In this analysis Falk pointed out that there are "serious deficiencies in how the U.S. sees itself in the world. We should be worried by the taboo . . . imposed on any type of self-scrutiny [of U.S. foreign policy] by either the political leadership or the mainstream media." This taboo essentially blinds us to the reality of our situation. Falk continues, "The American global domination project is bound to generate all kinds of resistance in the post-colonial world. . . . Especially if there is no disposition to rethink U.S. relations with others . . . starting with the Middle East."

May 08

The Cure

By Gregory Gull, For Progress, Not Growth | Op-Ed

Cancer cells don't know they are cancerous! Though this may be an obvious fact even a so what fact to many, if we think more critically about this we realize that it is quite significant. Why? Unlike other cells, cancer cells grow uncontrollably and without limit and in so doing attack the viability of the body they live in thus leading to the death of both their host and themselves. So if they knew they were cancerous then they'd stop killing the body upon which they so much depend. No reasonable cell would behave in a way that diminishes its viability.

So to stop cancer all we have to do is let these cells know that (their) uncontrolled growth—using up the body's supply of energy—is detrimental to the viability of the living system they live in and in turn to their very own ability to continue to exist; that is, such behavior would be suicidal. If only we could educate and reason with cells that unlimited growth and the exploitation of one's environment is self-destructive! While this sounds so simple a solution, the problem with it is that cells haven't the capability of self-awareness and for learning at this level. Cells aren't so evolved that they can critically examine their own purposes and behavior relative to the environment within which they exist.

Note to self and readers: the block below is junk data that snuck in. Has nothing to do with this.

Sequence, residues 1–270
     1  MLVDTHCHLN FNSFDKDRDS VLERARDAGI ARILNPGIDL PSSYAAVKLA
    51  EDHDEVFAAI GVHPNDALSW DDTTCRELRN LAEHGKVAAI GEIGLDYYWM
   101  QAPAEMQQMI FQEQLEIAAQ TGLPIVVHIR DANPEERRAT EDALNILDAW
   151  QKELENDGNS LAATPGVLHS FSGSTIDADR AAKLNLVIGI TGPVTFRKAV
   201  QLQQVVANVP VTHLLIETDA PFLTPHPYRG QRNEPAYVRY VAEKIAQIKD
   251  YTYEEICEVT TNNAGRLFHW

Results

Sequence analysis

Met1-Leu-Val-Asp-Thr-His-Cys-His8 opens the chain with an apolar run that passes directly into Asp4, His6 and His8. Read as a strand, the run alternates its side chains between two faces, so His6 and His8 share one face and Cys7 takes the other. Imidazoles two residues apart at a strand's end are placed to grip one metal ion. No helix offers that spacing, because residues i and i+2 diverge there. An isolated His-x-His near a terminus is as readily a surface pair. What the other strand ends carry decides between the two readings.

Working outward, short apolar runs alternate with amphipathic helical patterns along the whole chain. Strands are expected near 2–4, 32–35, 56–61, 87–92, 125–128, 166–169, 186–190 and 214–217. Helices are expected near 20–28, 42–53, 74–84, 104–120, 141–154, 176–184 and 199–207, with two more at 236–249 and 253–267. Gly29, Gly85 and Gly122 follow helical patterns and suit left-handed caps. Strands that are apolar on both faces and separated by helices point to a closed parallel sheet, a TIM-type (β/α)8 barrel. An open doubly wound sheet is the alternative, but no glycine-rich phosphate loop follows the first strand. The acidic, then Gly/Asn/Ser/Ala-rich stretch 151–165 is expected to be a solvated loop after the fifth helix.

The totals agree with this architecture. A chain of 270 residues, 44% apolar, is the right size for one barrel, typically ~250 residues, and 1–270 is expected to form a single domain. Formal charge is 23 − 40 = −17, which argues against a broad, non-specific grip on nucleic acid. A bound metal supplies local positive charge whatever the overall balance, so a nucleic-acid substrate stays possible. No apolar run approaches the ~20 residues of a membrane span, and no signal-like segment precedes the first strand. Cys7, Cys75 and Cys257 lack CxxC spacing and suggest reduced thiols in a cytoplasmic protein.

Cable news networks thrive on tragedy.

That's nothing new.

What is new is the incredible, monomaniacal programming mantra that has taken over CNN—the ever-more inane and dementia-addled granddaddy of the 24-hour news business.

Their unwillingness to let go, cut away or—perish the thought—actually cover a wide array of "news" stories, first manifested itself during the infamous coverage of the Carnival Cruise "Poop Ship."

May 07

How Little Has Changed

By Dan Riker, SpeakOut | Op-Ed

How little has changed: Some excerpts of writings on the capitalism of the 19th and early 20th Centuries – excerpted from my book, a work still in progress, Let's Do What Works and Call it Capitalism:

Capitalism in some form has existed since mankind first began to sell goods and engage in trade thousands of years ago. Until the 19th Century it did not become known as a distinct economic system. The word, "capitalism" did not appear in English until William Makepeace Thackeray used it in his 1854 novel, The Newcomes. Karl Marx, inDas Kapital, and other writings, gave the term greater definition.

Hubert H. Harrison (1883-1927) is one of the truly important figures of early twentieth-century America. A brilliant writer, orator, educator, critic, and political activist, he was described by the historian Joel A. Rogers, in "World's Great Men of Color" as "the foremost Afro-American intellect of his time." Rogers adds that "No one worked more seriously and indefatigably to enlighten" others and "none of the Afro-American leaders of his time had a saner and more effective program." Labor and civil rights leader A. Philip Randolph described Harrison as "the father of Harlem Radicalism." Harrison's friend and pallbearer, Arthur Schomburg, fully aware of his popularity, eulogized to the thousands attending Harrison's Harlem funeral that he was also "ahead of his time."

Momentum to free elections from corporate influence is growing. This afternoon, Maine became the 13th state to call for a constitutional amendment to overturn the U.S. Supreme Court's ruling in Citizens United v. Federal Election Commission. The resolution passed overwhelmingly with a 25-9 vote in the Senate and a 111-33 vote in the House, which included five Republican supporters in the Senate and 25 in the House.

The State Legislature's resolution reads in part, "United States Supreme Court rulings, beginning with Buckley v. Valeoand continuing through Citizens United v. Federal Election Commission and others, disproportionately elevate the role of wealthy special interests in elections and diminish the voices and influence of ordinary Americans."